WriteLine("------------------------------------");
WriteLine("  {0} {1, 10} {2, 12}", year, bookValues[i], accumulatedDepreciation);

i++;
year++;
}

WriteLine("====================================");

return 0;
}
}
}```
3. Enter the requested values as follows:
```Machine Cost:   22580
Salvage Value:  3875
Estimated Life: 5```

5. To start a new application, on the main menu of Microsoft Visual Studio, click File -> New -> Project...
6. In the list of projects templates, click Windows Forms App (.NET Framework)
7. Click Next
8. Change the project name to CareerOrientation1
9. Press Enter

Introduction to List-Based Controls

Introduction

Lists are probably the most regular types of objects of an application. Lists are at the core of files, databases, graphics, communication, etc. To assist you in displaying lists in an application, both Microsoft Windows and the .NET Framework provide various controls.

Categories of Lists

As there are various types of lists, both Microsoft Windows and the .NET Framework provide three broad categories of controls to support lists.

A one-dimensional list is a group of items that are of the same and unique type. For example, it can be a list of numbers, or a list of graphics, or a list of strings (such as a list of names, a list of files, etc). Both Microsoft Windows and the .NET Framework provide controls such as the combo box, the list box, the spin control, etc, that can be used to show a simple list of items.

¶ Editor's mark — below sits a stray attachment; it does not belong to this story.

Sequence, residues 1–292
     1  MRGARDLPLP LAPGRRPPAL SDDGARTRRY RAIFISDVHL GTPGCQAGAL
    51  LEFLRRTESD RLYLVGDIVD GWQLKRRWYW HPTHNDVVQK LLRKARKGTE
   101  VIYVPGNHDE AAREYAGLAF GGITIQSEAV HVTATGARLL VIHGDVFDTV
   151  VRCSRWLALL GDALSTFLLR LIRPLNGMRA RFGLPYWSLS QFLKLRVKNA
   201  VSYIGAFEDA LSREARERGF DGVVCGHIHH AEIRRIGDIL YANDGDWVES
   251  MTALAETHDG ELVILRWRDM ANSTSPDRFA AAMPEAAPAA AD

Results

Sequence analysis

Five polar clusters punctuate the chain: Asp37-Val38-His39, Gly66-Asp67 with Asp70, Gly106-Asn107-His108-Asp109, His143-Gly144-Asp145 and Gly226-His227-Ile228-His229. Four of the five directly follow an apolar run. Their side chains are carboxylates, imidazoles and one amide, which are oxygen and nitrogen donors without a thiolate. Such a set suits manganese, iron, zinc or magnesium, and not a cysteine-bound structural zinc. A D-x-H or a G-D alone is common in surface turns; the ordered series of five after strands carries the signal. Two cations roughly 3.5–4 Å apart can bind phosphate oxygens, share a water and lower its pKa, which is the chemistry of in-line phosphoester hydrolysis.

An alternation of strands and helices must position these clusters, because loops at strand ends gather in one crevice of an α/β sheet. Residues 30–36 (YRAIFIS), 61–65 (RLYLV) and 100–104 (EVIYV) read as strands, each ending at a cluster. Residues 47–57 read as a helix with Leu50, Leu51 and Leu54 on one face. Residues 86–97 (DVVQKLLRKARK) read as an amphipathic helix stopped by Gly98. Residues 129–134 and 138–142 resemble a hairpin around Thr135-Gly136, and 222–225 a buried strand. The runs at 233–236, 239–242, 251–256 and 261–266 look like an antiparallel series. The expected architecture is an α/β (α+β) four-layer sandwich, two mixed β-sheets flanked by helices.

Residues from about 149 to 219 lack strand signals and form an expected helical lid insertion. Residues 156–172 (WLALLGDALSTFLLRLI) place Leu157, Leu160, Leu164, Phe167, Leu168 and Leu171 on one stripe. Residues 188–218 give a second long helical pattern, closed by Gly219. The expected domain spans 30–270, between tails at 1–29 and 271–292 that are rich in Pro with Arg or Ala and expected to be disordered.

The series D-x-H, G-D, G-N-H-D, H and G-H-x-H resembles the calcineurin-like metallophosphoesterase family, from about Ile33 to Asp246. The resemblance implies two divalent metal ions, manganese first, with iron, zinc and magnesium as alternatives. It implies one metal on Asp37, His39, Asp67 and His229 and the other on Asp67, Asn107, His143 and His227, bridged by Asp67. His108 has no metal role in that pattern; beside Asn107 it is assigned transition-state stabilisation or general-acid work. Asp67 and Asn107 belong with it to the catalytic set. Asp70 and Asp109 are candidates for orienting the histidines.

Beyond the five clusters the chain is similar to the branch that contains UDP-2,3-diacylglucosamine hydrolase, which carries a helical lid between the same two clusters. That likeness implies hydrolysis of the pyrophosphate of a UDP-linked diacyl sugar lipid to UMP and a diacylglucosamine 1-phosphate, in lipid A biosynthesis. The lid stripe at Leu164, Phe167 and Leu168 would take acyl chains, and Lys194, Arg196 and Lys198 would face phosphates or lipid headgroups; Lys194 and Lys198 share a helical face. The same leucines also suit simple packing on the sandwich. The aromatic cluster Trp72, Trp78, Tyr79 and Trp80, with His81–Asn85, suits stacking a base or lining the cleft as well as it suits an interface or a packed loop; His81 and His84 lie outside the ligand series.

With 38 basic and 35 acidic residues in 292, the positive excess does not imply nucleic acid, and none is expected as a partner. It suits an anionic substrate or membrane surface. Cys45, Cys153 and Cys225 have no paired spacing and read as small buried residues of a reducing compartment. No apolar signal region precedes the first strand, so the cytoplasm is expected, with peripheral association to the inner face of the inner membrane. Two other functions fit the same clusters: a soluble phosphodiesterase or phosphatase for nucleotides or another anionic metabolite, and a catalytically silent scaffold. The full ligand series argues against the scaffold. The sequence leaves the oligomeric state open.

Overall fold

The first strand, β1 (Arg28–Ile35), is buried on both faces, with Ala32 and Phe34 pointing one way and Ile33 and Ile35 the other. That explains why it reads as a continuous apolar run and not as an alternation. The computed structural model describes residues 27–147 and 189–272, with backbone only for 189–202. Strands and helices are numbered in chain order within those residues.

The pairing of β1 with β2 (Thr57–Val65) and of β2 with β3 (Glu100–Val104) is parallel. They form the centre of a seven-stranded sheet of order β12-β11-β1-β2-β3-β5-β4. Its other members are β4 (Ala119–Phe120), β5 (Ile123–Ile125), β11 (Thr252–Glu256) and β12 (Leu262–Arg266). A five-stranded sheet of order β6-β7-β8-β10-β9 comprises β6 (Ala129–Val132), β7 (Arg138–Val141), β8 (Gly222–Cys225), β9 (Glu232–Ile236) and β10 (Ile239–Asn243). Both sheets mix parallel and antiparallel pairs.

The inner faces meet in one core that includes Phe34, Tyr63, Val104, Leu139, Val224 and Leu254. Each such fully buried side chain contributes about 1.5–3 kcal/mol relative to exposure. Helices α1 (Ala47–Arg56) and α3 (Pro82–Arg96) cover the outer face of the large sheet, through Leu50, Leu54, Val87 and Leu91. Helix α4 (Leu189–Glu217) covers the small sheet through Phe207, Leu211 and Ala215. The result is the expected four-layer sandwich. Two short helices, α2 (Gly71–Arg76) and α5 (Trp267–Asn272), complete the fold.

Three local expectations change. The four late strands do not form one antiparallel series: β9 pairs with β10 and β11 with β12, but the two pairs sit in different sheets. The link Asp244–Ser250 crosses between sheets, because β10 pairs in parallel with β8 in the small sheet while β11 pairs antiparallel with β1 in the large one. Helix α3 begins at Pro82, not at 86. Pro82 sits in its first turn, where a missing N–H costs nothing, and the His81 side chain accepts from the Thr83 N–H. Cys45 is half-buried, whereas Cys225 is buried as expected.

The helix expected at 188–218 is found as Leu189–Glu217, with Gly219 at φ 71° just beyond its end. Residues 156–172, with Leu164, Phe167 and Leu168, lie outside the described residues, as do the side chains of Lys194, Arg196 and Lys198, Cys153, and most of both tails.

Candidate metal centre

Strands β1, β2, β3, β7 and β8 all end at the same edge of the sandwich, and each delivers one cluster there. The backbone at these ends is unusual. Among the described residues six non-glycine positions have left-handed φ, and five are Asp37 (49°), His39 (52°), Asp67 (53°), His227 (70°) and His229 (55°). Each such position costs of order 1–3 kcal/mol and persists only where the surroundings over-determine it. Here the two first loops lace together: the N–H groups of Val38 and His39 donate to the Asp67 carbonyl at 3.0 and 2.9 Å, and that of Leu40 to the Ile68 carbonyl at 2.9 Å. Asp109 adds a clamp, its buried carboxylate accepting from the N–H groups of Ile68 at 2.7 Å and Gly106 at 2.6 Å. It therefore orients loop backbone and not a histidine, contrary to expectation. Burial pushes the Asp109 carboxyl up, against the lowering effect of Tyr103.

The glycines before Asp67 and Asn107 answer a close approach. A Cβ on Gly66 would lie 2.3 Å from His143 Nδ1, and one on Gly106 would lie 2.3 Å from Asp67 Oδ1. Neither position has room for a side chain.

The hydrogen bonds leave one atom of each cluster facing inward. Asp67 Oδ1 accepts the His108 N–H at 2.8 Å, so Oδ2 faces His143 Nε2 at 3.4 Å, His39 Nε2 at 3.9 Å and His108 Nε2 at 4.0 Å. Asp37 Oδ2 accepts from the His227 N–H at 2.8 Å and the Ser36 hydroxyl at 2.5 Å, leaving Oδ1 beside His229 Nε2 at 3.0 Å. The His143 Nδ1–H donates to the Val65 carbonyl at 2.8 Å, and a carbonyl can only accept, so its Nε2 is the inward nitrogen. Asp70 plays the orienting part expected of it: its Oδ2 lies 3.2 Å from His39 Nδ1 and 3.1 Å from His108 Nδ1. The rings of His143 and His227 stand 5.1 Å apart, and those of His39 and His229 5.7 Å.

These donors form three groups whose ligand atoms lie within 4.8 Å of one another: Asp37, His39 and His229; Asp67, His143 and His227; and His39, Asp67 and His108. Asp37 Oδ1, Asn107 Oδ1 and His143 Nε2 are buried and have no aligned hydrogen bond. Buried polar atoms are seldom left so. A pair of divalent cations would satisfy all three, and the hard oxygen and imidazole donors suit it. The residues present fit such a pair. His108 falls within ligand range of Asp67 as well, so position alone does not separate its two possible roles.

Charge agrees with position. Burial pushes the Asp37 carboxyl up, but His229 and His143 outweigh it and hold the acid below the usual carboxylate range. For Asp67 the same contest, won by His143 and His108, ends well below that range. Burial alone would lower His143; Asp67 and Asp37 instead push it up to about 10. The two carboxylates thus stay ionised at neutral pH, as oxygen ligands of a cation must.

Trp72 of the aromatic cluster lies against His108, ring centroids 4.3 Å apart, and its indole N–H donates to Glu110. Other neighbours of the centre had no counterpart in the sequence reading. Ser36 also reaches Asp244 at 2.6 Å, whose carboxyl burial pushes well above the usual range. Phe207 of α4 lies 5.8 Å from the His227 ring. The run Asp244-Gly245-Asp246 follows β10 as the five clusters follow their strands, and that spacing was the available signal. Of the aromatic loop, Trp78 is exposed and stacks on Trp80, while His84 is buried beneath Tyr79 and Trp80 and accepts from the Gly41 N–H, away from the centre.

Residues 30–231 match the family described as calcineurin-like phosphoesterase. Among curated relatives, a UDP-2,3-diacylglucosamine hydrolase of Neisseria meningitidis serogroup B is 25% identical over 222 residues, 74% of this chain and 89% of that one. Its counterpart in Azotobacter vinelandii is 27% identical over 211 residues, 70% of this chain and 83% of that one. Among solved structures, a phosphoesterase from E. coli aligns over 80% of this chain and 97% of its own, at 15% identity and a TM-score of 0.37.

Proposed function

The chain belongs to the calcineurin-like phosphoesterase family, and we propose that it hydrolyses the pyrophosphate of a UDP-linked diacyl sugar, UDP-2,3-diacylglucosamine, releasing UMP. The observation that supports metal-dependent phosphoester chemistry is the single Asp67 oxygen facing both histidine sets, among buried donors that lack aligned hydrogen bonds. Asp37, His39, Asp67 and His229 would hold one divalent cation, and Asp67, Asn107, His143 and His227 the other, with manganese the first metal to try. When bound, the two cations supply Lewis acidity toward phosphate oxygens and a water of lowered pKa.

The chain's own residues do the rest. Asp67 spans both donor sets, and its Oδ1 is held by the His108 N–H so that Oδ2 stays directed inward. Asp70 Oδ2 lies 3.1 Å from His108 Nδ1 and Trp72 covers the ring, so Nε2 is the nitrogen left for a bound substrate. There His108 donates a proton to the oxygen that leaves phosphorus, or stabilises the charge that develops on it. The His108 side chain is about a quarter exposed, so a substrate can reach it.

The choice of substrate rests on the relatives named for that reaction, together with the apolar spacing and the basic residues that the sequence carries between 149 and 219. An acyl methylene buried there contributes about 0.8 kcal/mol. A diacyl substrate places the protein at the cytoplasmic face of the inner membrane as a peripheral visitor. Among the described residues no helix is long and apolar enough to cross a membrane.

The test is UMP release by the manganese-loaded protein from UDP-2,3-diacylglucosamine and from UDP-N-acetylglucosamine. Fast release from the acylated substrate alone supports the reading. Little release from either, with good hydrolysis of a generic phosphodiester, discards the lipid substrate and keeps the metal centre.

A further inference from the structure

A composite list is one where each item of the list is made of one or more items. An item in this list resembles an object of a class where a typical class has one or more properties. For example, in a composite list, an item can be a combination of a number, a string, another string, etc. Both Microsoft Windows and the .NET Framework provide view-based controls such as the list view.

Extended controls are variants of one-dimensional and two dimensional list-based controls. These controls can display a simple list where each item is accompanied by additional information such as a graphic on one side of the item, or the string of an item can be accompanied by a check box that validates or rejects an item. Another variant is the ability to reorganize the items in the list or to change/edit them.

All of the controls we will use in our lessons are available in the .NET Framework. As we have mentioned previously, every control is represented by a class. You can programmatically create a control using its class. To make things easier, we will create all our controls visually.

A Review o List-Based Controls: A Combo Box

Introduction to the Combo Box